|SJ and SCMA speak to the media
Following is the transcript of the replies by the Secretary for Justice, Mr Wong Yan Lung, SC, and the Secretary for Constitutional and Mainland Affairs, Mr Stephen Lam, to media questions on the replacement mechanism at a media session at the Central Government Offices tonight (June 29) (English portion):
Reporter: The unconstitutional elements of the original proposal remain in the revised proposal, meaning that a candidate of a different list actually can fill a seat of another list. And both Hong Kong's professional legal bodies have spoken against the proposal. Do you think that your legal advice to the government could be more on shaky grounds?
Secretary for Justice: First of all on particular legal issues, different people have different views or come to different conclusions. One can understand that it’s actually quite normal. In fact, we have set out our reasons in writing before and we have elaborated on some of reasons as to why we believe that the revised proposal we have put forward is constitutional and reasonable. I think your first question is that because the revised proposal still contains elements which some considered to be unconstitutional then what is my response to that. I have said in my opening remarks that when you look at the current revised proposal, you look at it as a whole. To see what are the problems identified by some parties in relation to the original proposal, to see to what extent the revision could address those concerns. Once you put things in context, some of the so called "anomalies" could in fact disappear or could be addressed in the revised proposal. You have to look at it in that light. I have actually given some details. I hope you can refer to that and I will give more opportunities to others to ask some other questions.
Reporter: The Government consulted the public on the 50 cents levy on plastic bags. Why wouldn't you consult the public when you are taking away people's right in voting in a by-election?
Secretary for Constitutional and Mainland Affairs: On the question of public consultation, I would emphasise four points.
Firstly, ever since the five legislators resigned in 2010, there is widespread opinion among Hong Kong society that this problem of unnecessary resignations should be dealt with and that the Government should take proactive action to plug the loophole to avoid such unnecessary resignations and to avoid unnecessary public expenditure so that the operation of the Legislative Council will not be affected and the people of Hong Kong will continue to be fully represented in our Council.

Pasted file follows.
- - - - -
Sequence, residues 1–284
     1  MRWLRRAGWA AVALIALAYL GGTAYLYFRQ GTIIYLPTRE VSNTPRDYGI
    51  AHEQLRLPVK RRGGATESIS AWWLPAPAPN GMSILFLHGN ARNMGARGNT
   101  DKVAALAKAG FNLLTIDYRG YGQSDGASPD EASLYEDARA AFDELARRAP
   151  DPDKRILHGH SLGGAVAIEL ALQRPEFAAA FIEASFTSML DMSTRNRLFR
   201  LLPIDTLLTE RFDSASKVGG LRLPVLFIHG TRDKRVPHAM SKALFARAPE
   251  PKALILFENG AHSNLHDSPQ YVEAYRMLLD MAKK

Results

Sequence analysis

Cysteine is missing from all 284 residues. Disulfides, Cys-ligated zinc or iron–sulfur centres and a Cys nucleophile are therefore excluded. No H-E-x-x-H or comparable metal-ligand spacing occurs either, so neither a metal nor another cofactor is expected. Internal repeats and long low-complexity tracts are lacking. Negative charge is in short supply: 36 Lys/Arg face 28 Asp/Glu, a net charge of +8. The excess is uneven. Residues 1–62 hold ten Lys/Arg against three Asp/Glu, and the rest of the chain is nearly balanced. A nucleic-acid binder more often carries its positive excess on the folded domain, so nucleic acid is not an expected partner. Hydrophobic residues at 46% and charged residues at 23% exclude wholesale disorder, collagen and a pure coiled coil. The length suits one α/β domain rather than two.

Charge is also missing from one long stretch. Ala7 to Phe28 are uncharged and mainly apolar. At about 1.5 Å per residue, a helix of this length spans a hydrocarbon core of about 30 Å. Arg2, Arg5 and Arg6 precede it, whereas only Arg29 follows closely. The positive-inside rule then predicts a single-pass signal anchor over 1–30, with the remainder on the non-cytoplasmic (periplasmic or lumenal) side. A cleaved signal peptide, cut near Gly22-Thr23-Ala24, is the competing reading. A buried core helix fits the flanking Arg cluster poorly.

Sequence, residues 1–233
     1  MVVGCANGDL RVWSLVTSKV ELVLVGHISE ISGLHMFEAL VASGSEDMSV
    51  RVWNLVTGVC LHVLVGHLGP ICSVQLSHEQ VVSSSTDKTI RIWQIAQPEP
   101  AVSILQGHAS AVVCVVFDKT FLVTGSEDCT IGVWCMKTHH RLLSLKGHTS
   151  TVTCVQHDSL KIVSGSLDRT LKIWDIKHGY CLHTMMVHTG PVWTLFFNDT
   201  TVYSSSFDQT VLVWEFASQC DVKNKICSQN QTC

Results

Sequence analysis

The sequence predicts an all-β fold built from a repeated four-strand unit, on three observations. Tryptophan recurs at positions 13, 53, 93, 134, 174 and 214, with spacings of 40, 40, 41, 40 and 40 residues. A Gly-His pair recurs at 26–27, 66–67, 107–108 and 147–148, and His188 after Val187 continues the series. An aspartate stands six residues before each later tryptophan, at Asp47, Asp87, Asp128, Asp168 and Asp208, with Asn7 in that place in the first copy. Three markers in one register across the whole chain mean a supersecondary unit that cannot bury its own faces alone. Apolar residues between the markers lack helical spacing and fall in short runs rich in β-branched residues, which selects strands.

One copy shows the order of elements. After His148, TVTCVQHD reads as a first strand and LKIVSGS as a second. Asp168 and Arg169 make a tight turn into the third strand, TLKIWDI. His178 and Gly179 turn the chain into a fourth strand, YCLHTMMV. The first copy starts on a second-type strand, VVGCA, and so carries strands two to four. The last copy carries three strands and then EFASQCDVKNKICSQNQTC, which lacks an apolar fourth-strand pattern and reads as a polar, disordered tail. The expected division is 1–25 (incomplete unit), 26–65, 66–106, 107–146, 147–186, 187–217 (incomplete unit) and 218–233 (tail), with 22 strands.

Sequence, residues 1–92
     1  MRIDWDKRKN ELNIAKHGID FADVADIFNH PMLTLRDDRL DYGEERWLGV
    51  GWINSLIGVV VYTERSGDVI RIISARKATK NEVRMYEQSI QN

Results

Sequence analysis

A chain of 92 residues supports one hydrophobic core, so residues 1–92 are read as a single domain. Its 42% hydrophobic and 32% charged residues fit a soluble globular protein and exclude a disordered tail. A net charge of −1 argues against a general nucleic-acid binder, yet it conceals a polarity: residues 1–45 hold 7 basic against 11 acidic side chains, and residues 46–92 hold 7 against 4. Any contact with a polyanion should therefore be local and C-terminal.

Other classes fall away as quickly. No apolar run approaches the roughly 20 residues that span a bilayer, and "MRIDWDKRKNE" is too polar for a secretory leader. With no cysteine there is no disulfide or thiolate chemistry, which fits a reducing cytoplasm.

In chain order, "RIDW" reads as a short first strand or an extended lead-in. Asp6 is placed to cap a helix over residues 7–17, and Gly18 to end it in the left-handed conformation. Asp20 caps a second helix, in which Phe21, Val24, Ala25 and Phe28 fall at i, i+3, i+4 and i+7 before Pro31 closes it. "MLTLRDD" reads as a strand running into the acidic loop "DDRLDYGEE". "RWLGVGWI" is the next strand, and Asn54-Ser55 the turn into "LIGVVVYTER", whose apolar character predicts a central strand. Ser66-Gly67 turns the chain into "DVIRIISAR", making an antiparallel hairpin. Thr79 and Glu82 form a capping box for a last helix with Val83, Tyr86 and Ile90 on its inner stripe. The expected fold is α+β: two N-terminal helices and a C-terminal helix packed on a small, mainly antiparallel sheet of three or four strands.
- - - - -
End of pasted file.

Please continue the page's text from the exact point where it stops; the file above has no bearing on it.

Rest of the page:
Secondly, throughout the last year and a half or so, both within and outside the Legislative Council we have had pretty full discussions about various possible remedies to this problem. In fact, one of the legislators put forth a Private Member's Bill. All these options we have discussed and evaluated thoroughly.
Thirdly, in the course of the one-and-a-half-month since we, as the Government, put forward our proposals, both within the legislature and outside the Legislative Council we have had quite a lot of public discussions. In particular, on June 18, the Legislative Council held a public discussion forum and we received views from over 100 representatives of organisations and individuals. These views covered a very full spectrum of opinions, both in support of and in opposition to our proposals. Those who came to present views also put forth various possible solutions.
Fourthly, having evaluated all these views which we have received, yesterday we put forth a revised set of proposals to the legislature. The key element in our revised proposals is that henceforth, any legislator who resigns or vacates his seat can first be replaced by a candidate from his original list – a candidate who stood in the same general election as this resigning Member. This will help us to preserve the distribution of seats according to the proportional representation system that we have put forth for Hong Kong. This revision of our proposal demonstrates very fully the sincerity and commitment on the part of the Government to address this problem in a manner which is consistent with public opinion, which is legal, which is constitutional and which will provide a solution to Hong Kong society.
Therefore, the most essential feature of a public consultation exercise has already been dealt with – we have listened to public views, we have put forth a revised set of proposals. We believe the time for enacting legislation has come. We hope that we will continue to receive sufficient support within the legislature for this to be taken forward.
(Please also refer to the Chinese portion of the transcript.)
Ends/Wednesday, June 29, 2011